Announcing the list of movies awarded at the 27th Torino GLBT Film Festival, which run April 19-25, 2012 in Torino, Italy.
Torino GLBT Film Festival official awards:
- Best Feature Movie: A Novela das 8 by Odilon Rocha (BRASIL)
- Best Documentary: Trans by Chris Arnold (US)
- Best Short Movie: The Lesson by Paul Metz (JAPAN)
Torino GLBT Film Festival public awards:
- Best Feature Movie: Parada (The Parade) by Sr?jan Dragojevi? (SLOVENIA, SERBIA, CROATIA, MACEDONIA)
- Best Documentary: Call Me Kuchu by Katherine Fairfax Wright – Malika Zouhali-Worrall (US)
- Best Short Movie: Tsuyako by Mitsuyo Miyazaki (JAPAN)
Torino GLBT Film Festival QUEER AWARD:
(“Queer Award” was set up this year. It is granted to the film that by language and sensitivity has captured most effectively the reality of young people. The prize is awarded by a jury composed of students of the IED – European Institute of Design)
- Mosquita y Mari by Aurora Guerrero (US)
During its 27th edition, the Festival presented several premieres and special events, and hosted around 50 guests from all over the world. It registered a growing participation in terms of public, with several screenings being sold out. The Facebook page counts now 4,500 fans, and the Festival’s official trailer received over 30,000 views on Youtube (http://www.youtube.com/watch?v=8cz7TBudoxA).
Check out Torino LGBT Film Festival Facebook Page www.facebook.com/TorinoGLBTFilmFestival
visit www.tglff.com for more info.
Born as a small and daring film show in 1986, it is now organized under the auspices of Turin’s National Museum of Cinema and its fame has been constantly growing, attracting more than 40,000 spectators every year.
The Festival generally presents over 100 titles spread across its different sections, from competition selections to retrospectives, tributes, special events and thematic forums revolving around the GLBT world. Throughout its twenty-six editions the event has hosted great artists like Gus Van Sant, John Waters, Kenneth Anger, Gregg Araki, Epstein&Friedman, James Ivory, Claudia Cardinale, Eytan Fox, Derek Jarman and Christophe Honor?.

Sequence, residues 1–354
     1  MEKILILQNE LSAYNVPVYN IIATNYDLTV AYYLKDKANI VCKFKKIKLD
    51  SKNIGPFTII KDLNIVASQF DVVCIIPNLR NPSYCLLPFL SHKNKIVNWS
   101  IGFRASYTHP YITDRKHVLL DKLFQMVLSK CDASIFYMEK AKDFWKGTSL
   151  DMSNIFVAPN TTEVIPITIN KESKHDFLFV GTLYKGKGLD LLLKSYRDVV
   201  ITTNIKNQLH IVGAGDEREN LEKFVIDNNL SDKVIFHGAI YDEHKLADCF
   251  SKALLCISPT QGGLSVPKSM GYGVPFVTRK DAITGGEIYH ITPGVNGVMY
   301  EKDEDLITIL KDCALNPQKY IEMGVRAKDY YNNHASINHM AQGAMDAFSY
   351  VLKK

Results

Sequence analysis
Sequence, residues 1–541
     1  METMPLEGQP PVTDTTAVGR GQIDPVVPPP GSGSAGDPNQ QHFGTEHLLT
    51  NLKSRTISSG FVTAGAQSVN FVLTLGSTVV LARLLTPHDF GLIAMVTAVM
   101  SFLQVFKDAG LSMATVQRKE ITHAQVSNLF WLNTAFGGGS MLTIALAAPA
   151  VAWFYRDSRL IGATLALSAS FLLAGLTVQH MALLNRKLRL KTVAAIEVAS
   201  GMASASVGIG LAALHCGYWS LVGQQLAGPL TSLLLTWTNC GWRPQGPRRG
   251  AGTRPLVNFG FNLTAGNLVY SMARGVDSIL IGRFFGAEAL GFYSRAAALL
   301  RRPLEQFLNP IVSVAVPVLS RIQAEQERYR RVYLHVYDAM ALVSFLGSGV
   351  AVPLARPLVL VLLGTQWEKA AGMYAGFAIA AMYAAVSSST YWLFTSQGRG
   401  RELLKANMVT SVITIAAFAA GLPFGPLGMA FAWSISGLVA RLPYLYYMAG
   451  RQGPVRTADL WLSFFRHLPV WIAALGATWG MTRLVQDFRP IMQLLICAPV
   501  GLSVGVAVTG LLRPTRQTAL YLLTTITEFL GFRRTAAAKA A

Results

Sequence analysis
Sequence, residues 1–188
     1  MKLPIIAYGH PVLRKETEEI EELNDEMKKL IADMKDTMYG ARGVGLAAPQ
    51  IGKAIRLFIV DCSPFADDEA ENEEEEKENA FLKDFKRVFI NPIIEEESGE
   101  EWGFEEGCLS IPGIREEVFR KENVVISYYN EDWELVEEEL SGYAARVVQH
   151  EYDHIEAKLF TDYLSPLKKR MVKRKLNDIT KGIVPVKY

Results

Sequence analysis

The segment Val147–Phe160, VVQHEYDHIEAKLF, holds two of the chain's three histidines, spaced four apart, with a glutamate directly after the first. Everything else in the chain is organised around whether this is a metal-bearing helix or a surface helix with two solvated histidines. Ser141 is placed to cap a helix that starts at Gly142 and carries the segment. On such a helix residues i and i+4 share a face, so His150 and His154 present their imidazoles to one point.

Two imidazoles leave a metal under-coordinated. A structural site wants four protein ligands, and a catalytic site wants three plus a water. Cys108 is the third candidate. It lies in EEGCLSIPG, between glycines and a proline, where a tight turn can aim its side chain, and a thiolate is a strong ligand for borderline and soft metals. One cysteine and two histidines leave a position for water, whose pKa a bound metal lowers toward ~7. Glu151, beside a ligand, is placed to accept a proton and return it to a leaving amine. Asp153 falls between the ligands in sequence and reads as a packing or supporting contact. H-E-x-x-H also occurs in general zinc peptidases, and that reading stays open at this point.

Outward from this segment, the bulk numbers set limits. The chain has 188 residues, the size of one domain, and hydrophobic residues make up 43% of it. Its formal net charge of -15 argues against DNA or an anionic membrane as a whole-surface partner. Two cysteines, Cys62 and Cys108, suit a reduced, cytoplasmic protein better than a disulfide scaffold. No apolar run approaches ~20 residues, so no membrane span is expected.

This year the Festival hosted several world and European premieres, such as the Enrique Pineda Barnet’s (Cuba) Verde Verde (Engl. Green Green), the first movie to be promoted by the Cuban Institute of Cinematographic Arts after Fresa y Chocolate. We screened also Matthew Bourne‘s 3D film based on his ballet Swan Lake. The British dancer and choreographer was our guest of honour during the manifestation.
Further titles on screen were Parada (engl. The Parade) by Srdjan Dragojevic (Serbia) ? awarded at Berlinale 2012 ? and Oliver Hermanus’ Beauty, which South Africa had proposed as official candidate to the Oscar race.
Alongside the competition selections, the programme presented ?The Last Tabu?, a focus dedicated to the burning issue of sports and homosexuality, as well as ?Forever Young?, a series of movies made by young directors investigating homosexuality in adolescence. The very same spirit of this section animated also the brand new ?Queer Award?, a prize for the film that by language and sensitivity has captured most effectively the reality of young people.
With the section ?Lesbian Romance?, the Festival intended to explore the world of women and love through the eyes of eight directors, while ?Happy Old Gays? was a selection of titles dealing with homosexuality and aging, meant to investigate an under-represented age group in gay-themed cinema.
The Festival also ideally rallied to the “Day of Silence” on April 20th, with the event ?Bullyism: Hitting the Target?, organized in collaboration with Egma (European Gay and Lesbian Managers Association) and GLSEN (Gay, Lesbian and Straight Education Network). In this occasion the Festival screened both the short film Man in the Mirror, by Joel Schumacher (also director of Batman Forever and Falling Down), and Private Romeo, by Alan Brown (US), a feature film about homophobia in a military academy that, inspired by Shakespeare’s Romeo and Juliet, recounts a love affair between two cadets.